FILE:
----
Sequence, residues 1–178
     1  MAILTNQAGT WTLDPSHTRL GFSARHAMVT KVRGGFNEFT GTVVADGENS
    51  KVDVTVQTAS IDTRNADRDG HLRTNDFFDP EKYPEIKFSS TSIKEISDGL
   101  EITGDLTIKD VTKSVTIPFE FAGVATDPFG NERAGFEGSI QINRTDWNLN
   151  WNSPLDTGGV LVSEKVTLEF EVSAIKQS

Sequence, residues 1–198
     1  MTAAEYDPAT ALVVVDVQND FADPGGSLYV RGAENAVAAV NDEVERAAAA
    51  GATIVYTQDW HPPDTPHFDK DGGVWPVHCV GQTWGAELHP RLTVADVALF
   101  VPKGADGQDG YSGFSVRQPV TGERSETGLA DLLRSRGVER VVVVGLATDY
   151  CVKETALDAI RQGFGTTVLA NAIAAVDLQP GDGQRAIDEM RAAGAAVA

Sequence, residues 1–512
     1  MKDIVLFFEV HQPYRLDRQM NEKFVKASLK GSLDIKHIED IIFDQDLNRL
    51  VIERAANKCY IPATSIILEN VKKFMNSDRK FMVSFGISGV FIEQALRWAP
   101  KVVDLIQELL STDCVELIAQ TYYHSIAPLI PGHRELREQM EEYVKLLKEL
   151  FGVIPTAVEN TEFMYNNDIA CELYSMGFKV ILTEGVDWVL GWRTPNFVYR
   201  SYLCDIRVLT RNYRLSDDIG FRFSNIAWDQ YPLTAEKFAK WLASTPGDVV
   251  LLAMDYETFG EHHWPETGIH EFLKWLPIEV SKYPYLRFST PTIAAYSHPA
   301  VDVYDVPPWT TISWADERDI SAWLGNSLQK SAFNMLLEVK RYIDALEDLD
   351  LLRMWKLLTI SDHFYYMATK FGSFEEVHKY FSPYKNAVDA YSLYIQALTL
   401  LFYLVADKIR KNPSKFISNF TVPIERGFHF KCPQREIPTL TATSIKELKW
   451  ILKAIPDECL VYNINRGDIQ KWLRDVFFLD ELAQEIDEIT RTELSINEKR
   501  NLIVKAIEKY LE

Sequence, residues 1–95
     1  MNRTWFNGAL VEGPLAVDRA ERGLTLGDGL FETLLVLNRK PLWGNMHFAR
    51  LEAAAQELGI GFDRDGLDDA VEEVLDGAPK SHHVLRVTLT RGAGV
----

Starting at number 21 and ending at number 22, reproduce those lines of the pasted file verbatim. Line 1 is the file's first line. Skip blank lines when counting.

   451  ILKAIPDECL VYNINRGDIQ KWLRDVFFLD ELAQEIDEIT RTELSINEKR
   501  NLIVKAIEKY LE